A brain’s cell makeup may transform the way we understand and treat neuropsychiatric conditions, potentially opening a new treatment path for diseases like epilepsy, autism, schizophrenia, and depression.
The study from the University of Ottawa’s Faculty of Science published in Proceedings of the National Academy of Sciences demonstrates how a brain’s ecosystem and its diversity of cells can allow it to maintain normal function while better responding to changes, perturbations, or injury. The response to such “insults”—as the study coins them—is amplified by cells that are too connected or too alike, which makes them less resilient and unable to maintain the activity needed to preserve brain function.
Inspired by Charles Darwin’s Origin of Species and the idea that biodiversity of natural ecosystems is the key to survival, lead author Jérémie Lefebvre and his team used mathematical models of brain circuitry to analyze how neurons respond to “insults” and how cell-to-cell diversity helps prevent failures.
“Our results demonstrate how diversity is a foundational, essential ingredient in the constitution of brain circuits,” says Lefebvre, a member of uOttawa’s Brain and Mind Research Institute. “Just like the biodiversity of ecosystems, the diversity of neurons is as important and represents a new way of interpreting certain illnesses, like epilepsy.”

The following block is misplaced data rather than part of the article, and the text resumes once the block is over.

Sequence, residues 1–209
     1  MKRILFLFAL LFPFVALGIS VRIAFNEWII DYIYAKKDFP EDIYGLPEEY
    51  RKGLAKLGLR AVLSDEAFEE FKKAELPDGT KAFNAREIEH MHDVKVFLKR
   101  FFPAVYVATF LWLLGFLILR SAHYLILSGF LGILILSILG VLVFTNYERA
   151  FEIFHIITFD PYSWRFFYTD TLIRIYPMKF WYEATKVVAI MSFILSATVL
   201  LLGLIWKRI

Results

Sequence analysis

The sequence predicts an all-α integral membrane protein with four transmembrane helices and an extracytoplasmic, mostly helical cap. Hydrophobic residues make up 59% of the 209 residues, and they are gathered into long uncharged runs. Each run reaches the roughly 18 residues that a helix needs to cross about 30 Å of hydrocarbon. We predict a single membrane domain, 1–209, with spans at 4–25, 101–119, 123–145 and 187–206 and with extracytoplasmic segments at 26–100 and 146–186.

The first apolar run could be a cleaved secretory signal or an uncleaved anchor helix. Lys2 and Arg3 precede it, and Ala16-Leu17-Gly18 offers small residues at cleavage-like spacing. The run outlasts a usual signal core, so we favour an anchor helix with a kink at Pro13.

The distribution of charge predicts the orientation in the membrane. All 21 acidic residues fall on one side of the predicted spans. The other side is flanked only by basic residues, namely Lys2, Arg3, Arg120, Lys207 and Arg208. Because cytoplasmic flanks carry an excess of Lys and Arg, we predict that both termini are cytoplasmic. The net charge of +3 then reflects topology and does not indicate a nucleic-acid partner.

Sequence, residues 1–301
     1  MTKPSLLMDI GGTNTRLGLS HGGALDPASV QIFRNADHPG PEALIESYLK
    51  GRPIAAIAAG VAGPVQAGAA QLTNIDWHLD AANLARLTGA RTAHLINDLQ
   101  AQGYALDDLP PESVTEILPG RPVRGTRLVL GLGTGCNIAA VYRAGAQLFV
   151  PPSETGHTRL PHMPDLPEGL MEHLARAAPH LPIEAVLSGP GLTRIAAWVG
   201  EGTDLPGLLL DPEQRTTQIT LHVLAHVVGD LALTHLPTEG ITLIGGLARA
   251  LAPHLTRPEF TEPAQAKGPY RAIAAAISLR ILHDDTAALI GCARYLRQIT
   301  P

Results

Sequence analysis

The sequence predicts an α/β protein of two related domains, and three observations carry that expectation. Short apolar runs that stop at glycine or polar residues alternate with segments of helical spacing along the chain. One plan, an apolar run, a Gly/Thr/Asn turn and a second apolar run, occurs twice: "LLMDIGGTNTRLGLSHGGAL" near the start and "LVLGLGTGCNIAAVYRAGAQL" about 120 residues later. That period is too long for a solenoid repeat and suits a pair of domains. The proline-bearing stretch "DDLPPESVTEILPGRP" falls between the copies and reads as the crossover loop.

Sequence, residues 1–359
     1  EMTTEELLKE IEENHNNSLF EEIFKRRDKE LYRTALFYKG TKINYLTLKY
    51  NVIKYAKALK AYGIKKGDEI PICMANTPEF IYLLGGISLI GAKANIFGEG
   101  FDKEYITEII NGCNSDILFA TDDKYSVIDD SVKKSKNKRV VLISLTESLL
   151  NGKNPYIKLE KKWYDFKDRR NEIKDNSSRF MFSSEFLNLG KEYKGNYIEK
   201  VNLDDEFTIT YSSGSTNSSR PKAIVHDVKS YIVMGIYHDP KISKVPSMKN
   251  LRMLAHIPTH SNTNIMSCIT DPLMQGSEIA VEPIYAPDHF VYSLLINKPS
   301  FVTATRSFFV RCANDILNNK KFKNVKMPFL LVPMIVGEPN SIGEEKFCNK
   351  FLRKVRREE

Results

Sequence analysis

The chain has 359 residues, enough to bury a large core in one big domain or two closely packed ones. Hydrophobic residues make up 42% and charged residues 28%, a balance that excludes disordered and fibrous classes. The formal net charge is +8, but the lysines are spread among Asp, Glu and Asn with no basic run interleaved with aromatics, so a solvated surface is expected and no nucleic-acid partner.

Epilepsy is characterized by recurrent seizures during which brain circuits go haywire and cells become too synchronous with one another. Lefebvre and the team of researchers, which includes members from the University Health Network’s Krembil Brain Institute, used electrical recordings to explore the brain cells of patients with epilepsy, finding that cells from the region of the brain that create seizures look more alike and less diverse. Low diversity prevents neurons and cells from adapting adequately as brain circuits are unable to maintain healthy activity, leading to seizures.
“Using our interdisciplinary methods, we were able to show that brain cells must be different from each other to ensure the brain maintains its function in the face of time and changes,” says Lefebvre, an Associate Professor in the Department of Biology. “This is an important reminder of the critical role diversity plays in natural systems and how it responds to inevitable change. This not only applies to ecosystems, neurons, and neural circuits, but to humans and communities.”
The research may also provide guidance for treatment of autism, schizophrenia, and depression, which are also states of the brain marked by over connectivity and synchronicity.
Axel Hutt et al, Intrinsic neural diversity quenches the dynamic volatility of neural networks, Proceedings of the National Academy of Sciences (2023). DOI: 10.1073/pnas.2218841120
Proceedings of the National Academy of Sciences
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